Prospects for Using Improved Climate Information to Better Manage Energy Systems
Given the rising costs of energy and the tight supply of key fuels, climate variations can have a major impact on society by affecting energy production and demand. The winter of 1976–77 brought continued drought to the western United States and cold weather to the eastern United States. This lifted U. S. energy demand for fossil fuels by the equivalent of 200 million barrels of oil. The weather pattern for that winter was an extreme version of a common pattern that is associated with colder than normal temperatures for most of the heavily populated north temperate zone. If such an extreme climate event had occurred during the winter of 1979–80, it would have increased the world oil shortfall by several percent making a bad situation worse. An international effort would be needed to determine the frequency and nature of such extreme climate variations, and to discover if these events are predictable. Monitoring of global temperature and precipitation data could provide early warning that world-wide energy consumption is unusually high. Use of such information could help ameliorate the impact of an extreme climate event on the global economy.
KeywordsDust Europe Transportation Propane Pyrolysis
Unable to display preview. Download preview PDF.
- 1.Brown, H.: 1976, “Energy in Our Future,” in Annual Review of Energy, Volume 1, J. M. Hollander and M. K. Simmons (eds.), Annual Reviews, Inc., Palo Also, CA, pp. 1–36.Google Scholar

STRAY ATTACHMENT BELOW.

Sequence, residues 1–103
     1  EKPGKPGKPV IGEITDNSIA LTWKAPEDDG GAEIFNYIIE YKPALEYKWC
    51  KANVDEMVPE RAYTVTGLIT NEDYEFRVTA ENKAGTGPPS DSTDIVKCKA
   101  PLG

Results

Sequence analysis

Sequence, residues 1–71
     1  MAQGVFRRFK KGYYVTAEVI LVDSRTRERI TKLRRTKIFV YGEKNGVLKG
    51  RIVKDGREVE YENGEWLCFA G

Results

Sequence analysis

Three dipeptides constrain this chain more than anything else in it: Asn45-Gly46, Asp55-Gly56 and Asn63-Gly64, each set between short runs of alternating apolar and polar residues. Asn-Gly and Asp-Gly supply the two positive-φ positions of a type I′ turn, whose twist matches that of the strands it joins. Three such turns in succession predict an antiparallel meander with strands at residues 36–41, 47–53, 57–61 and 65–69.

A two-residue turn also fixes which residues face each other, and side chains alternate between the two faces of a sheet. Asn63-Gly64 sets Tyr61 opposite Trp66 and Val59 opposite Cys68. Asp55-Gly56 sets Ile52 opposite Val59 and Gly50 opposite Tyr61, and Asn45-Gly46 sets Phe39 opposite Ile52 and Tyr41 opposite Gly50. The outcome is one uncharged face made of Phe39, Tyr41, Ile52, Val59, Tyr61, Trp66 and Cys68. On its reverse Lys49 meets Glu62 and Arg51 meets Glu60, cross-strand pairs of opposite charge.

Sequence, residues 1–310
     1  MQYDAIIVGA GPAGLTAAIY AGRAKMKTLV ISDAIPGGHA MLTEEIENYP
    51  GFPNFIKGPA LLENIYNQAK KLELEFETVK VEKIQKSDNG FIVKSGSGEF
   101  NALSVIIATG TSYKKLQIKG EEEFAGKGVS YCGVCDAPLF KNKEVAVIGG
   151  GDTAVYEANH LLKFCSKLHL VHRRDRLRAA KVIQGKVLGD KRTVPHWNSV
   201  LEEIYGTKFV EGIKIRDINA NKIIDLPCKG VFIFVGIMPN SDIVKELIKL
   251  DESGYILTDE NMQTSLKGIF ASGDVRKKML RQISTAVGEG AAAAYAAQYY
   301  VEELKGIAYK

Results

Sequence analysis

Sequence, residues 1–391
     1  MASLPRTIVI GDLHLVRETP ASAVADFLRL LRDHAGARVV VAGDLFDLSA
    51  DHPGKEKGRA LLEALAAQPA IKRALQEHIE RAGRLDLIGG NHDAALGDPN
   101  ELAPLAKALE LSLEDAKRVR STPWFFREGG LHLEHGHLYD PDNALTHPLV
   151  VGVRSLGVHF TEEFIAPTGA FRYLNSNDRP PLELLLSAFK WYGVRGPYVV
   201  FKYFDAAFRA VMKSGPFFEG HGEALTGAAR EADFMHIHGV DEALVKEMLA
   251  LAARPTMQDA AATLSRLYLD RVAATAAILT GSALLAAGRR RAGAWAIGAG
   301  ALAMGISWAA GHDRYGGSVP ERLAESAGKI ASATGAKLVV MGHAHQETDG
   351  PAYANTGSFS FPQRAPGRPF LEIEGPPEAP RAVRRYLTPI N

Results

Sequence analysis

- 2.National Climatic Center: 1979, “State, Regional, and National Monthly and Seasonal Heating Degree Days Weighted by Population,” Asheville, NC.Google Scholar
- 3.National Climatic Center: 1979, “State, Regional, and National Monthly and Annual Temperatures Weighted by Area,” Asheville, NC.Google Scholar
- 4.National Climatic Center: 1979, “State, Regional, and National Monthly and Annual Total Precipitation Weighted by Area,” Asheville, NC.Google Scholar
- 6.von Rudioff, H.: 1967, “Die Schwankungen und Pendelungen des Klimas,” in Europa seit dem Beginn der regelmassigen Instrumenten-Beobachtungen (1670), Braunschweig, Vieweg, 370 pp.Google Scholar
- 9.Federal Power Commission, Federal Energy Administration: 1977, “Impacts of the Western Drought on the Regional Electricity Situation,” Washington, D. C.Google Scholar
- 10.Task Force on Community and Physical Resources of the Committee on the Budget, House of Representatives: 1978, “Weather Impacts on the Budget and the Economy,” U. S. Government Printing Office TF-7-95-36, Washington, D. C.Google Scholar
- 11.Bardin, D. J.: 1977, from “National Climate Program Act, Hearings before the Senate Subcommittee on Science, Technology and Space,” Serial No. 95–33, U. S. Government Printing Office, Washington, D. C, pp. 137–152.Google Scholar
- 13.Mitchell, J., Felch, R. E., Gilman, D. L., Quinlan, F. T., and Rotty, R. M.: 1974, “Variability of Seasonal Total Heating Demand in the United States,” Environmental Data Service, pp. 4–9.Google Scholar